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China to account for half of 4.7 TWdc solar capacity addition between 2024 and 2023

It is also seen to lead the wind power and energy storage market.

Beijing is seen to continue leading the game in solar energy capacity expansion, with the East Asian superpower accounting for 50% of the 4.7 terawatts direct current (TWdc) of global solar photovoltaic (PV) projects to be built between 2024 and 2033, according to Wood Mackenzie.

Juan Monge, principal analyst, distributed solar PV at Wood Mackenzie, noted in a statement that ultra-low module prices intensified the rate of solar deployments last year in China as well as in Europe, and this will continue in the near-term.

“Ultimately, maximising solar PV capacity, and wind power capacity for that matter, in the next 10 years will depend on additional technology developments: from expanding grid infrastructure to incentivising flexibility solutions, transportation and heating electrification,” he explained. 

Wood Mackenzie said the decline in Chinese module prices and tight deadlines to interconnect tendered projects triggered 150% annual growth for installations across all solar PV segments in 2023. For this year, first quarter installations in Beijing increased 36% from a year ago, it noted.

Yearly increase in installed capacity will continue until 2026, which will be followed by a two-year slowdown due to an expected pause in development activity before the next round of planned procurement drives higher deployment, Wood Mackenzie said.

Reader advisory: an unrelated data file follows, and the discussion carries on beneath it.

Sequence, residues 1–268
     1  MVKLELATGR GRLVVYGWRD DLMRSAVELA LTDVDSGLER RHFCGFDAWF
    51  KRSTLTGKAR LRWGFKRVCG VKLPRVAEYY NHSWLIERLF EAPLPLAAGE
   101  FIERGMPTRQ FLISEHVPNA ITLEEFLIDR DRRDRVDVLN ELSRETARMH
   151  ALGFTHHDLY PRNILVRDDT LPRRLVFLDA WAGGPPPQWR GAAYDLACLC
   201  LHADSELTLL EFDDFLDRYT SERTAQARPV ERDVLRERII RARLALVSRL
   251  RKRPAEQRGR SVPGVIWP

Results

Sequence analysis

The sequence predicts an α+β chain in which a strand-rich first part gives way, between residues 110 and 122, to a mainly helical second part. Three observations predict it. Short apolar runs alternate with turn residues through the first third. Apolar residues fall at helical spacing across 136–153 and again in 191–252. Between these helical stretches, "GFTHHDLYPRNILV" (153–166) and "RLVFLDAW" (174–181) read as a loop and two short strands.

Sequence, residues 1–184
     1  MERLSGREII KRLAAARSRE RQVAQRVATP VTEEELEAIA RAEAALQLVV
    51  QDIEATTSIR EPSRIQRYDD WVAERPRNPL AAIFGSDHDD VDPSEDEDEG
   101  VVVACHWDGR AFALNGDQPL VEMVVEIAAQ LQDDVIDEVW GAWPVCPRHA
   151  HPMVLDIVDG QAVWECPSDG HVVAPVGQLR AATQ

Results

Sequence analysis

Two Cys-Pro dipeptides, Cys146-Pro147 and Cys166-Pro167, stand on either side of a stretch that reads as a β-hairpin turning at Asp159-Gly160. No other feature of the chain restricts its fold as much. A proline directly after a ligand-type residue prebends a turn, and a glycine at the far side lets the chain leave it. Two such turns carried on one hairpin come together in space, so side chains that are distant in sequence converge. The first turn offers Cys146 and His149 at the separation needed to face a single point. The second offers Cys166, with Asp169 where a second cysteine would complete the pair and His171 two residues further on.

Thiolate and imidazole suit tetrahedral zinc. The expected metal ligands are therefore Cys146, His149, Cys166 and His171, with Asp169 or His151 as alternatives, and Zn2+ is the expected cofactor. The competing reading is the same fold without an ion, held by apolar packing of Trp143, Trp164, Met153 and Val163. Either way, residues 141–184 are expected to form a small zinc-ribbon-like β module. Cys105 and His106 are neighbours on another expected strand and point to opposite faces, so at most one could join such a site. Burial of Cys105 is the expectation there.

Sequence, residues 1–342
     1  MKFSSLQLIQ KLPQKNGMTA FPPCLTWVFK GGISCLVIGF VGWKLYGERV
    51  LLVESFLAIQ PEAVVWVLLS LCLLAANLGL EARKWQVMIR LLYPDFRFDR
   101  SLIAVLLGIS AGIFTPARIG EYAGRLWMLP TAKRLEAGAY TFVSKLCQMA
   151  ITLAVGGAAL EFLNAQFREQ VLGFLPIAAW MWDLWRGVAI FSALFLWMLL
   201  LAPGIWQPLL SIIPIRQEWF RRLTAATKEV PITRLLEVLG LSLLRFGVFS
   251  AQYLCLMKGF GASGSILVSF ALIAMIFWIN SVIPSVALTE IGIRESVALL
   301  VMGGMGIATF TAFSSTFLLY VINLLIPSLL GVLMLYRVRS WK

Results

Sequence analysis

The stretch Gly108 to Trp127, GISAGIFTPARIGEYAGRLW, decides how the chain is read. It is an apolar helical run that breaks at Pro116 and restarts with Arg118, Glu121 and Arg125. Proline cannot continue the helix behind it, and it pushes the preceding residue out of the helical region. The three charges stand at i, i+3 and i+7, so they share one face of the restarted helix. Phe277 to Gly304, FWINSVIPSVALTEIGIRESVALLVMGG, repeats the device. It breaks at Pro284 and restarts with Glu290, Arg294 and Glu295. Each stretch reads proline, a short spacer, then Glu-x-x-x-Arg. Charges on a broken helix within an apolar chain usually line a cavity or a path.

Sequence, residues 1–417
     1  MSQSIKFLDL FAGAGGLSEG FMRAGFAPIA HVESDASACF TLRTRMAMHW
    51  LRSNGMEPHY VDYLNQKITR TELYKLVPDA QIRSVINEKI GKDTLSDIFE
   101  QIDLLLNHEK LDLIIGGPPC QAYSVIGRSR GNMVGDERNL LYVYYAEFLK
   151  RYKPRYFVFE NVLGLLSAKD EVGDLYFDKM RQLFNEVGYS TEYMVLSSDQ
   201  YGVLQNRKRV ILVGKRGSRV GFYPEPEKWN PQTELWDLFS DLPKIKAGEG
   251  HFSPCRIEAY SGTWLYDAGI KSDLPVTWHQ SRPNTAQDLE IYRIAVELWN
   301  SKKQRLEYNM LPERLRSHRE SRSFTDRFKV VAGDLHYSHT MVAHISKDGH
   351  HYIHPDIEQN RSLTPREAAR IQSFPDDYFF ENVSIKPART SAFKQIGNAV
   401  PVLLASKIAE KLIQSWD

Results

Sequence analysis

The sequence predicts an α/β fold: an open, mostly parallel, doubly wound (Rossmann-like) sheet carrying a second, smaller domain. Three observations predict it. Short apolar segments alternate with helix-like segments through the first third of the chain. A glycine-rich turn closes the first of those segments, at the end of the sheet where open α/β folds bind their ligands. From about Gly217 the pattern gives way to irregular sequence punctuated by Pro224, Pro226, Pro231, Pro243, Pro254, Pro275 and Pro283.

China’s booming solar market is seen to solidify its position as a leader in the energy storage market. The country is projected to have an average of 42 gigawatts (GW)/120 gigawatt-hours annual capacity additions in the next 10 years.

When it comes to wind energy, Wood Mackenzie projects Beijing to install 91.5 GW on average annually. Furthermore, more than 50% of the total 386 GW global offshore wind capacity to be installed from 2024 to 2033 will be in China, the report added. 

“China’s central government announced a plan in May to promote the energy transition and ensure the country meets carbon-neutral targets. Project development has been accelerated in the short-term and renewable energy investment will be a long-term economic driver,” said Lucas Stavole, senior research analyst at Wood Mackenzie.


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